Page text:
“Roman will determine the expansion history of the universe in order to test possible explanations of its apparent accelerating expansion, including dark energy and modification to Einstein’s gravity,” the authors write in their paper. “Roman will determine the growth history of the largest structures in the universe in order to test the possible explanations of its apparent accelerating expansion, including dark energy and modification to Einstein’s gravity…”
This video dissolves between the entire collection of redshift cubes in 55 seconds. As the Universe expands, the density of galaxies within each cube decreases, from 528,000 in the first cube to 80 in the last. Each cube is about 100 million light-years across. Galaxies assembled along vast strands of gas separated by immense voids, a foam-like structure echoed in the present-day Universe on large cosmic scales. This visualization shows the number and clustering of simulated galaxies at different cosmic ages, ranging from 4% to 43% of the Universe’s current age of 13.8 billion years. Each cube represents a fixed volume of space, about 100 million light-years per side. Over the sequence, the expansion of the Universe quickly lowers the density of galaxies. Each cube shows a specific cosmological redshift, from 9 to 1, with earlier cubes cast in redder shades.
That last sentence describes where we’re at now. The universe is expanding, and the expansion is accelerating. That shouldn’t be the case because the gravity of all the matter in the Universe should be a drag on that expansion. The acceleration means that Einstein’s theory of gravity isn’t exactly correct. Or it means that we need to add a new energy component to the universe: dark energy.
As explained in general relativity, Einstein’s gravity is accurate, to a point. So was Newton’s until we could observe larger portions of the universe. Newton’s gravity accurately describes what happens with gravity on local scales, and Einstein’s gravity accurately explains what happens on an even larger scale. But now we’re confronting the entire universe, and our understanding is inadequate.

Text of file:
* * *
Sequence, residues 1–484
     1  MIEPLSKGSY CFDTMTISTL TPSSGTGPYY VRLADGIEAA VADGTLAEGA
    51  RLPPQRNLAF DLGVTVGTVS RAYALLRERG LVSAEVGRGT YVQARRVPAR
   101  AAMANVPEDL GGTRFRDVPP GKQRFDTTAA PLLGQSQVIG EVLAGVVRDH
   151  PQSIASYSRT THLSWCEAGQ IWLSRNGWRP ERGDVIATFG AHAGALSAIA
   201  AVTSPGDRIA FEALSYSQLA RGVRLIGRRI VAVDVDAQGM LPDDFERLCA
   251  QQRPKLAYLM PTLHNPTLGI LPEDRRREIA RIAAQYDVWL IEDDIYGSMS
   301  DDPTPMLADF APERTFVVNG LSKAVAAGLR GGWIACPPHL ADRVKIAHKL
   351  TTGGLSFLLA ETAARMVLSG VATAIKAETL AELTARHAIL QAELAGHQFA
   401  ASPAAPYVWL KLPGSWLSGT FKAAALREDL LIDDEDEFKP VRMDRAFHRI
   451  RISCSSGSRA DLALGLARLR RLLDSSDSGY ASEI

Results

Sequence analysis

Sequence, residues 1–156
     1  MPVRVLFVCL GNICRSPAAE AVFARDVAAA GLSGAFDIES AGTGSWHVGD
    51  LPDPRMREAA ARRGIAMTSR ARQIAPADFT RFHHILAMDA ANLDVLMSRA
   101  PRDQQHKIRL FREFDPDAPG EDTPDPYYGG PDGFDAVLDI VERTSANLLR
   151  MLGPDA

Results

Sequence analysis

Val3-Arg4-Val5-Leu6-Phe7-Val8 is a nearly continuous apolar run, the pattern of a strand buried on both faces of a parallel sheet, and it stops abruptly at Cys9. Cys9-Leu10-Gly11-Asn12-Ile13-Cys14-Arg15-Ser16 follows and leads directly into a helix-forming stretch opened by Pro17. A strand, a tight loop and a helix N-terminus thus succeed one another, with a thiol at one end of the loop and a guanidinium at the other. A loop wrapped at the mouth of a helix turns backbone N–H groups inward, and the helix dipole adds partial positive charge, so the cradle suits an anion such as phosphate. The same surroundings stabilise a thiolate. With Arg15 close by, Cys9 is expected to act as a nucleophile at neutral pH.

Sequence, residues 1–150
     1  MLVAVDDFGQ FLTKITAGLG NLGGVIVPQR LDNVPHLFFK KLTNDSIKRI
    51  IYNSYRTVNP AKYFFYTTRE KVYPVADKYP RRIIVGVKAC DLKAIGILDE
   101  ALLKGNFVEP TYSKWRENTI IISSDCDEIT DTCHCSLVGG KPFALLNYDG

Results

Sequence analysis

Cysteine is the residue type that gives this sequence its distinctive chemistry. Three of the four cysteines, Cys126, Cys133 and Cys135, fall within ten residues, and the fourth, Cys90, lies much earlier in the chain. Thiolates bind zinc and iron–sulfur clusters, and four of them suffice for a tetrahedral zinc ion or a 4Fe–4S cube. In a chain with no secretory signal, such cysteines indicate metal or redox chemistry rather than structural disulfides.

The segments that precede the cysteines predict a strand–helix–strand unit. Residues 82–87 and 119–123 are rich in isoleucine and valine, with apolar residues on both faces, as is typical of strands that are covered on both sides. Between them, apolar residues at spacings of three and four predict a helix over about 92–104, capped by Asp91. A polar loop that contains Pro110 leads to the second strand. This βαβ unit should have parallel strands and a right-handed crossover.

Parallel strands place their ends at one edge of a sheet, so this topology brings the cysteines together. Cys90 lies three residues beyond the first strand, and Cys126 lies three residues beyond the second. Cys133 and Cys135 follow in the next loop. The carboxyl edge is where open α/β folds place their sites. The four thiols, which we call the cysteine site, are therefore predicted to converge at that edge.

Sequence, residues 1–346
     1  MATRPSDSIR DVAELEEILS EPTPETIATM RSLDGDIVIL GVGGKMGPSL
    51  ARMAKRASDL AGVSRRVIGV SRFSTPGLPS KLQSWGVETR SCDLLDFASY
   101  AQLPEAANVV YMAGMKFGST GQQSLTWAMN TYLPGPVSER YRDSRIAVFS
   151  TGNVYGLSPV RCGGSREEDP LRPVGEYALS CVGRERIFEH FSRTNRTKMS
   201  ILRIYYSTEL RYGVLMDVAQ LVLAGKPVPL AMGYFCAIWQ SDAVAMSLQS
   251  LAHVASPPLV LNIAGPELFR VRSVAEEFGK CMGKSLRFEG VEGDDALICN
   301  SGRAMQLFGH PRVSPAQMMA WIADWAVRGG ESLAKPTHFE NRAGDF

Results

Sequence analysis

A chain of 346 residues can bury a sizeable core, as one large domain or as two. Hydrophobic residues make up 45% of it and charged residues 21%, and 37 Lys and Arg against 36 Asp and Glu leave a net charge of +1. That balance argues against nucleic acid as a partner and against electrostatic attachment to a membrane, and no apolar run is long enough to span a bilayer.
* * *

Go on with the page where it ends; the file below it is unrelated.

This study simulates what the Roman can bring to the issue. The Roman Telescope’s vast and deep 3D images of the Universe are a new opportunity to discern between the leading theories that attempt to explain cosmic acceleration: a modified theory of gravity or dark energy.
Science can only win. Either result gets us closer.
“In illuminating the unknown nature of cosmic acceleration, we need to measure two free functions of time: the cosmic expansion history and the growth rate of large-scale structure,” the authors write. “These can tell us whether dark energy varies with time and whether it is an unknown energy component (e.g., a cosmological constant), or the consequence of the modification of general relativity as the theory of gravity.”
“We can look forward to new physics in either case — whether we learn that cosmic acceleration is caused by dark energy or we find that we have to modify Einstein’s theory of gravity,” Wang said. “Roman will test both theories at the same time.”
The authors point out that their reference HLSS is an example of how could implement the High Latitude Wide Area Spectroscopic Survey on Roman. “The actual survey that Roman will execute will be defined in an open community process before launch, taking into consideration the landscape of dark energy projects and their synergies,” they write.
Will we ever know how the universe will end? Maybe one day we will, and we can chat about it at cocktail parties. And we can talk about how the Nancy Gracy Roman Space Telescope helped us find our answer.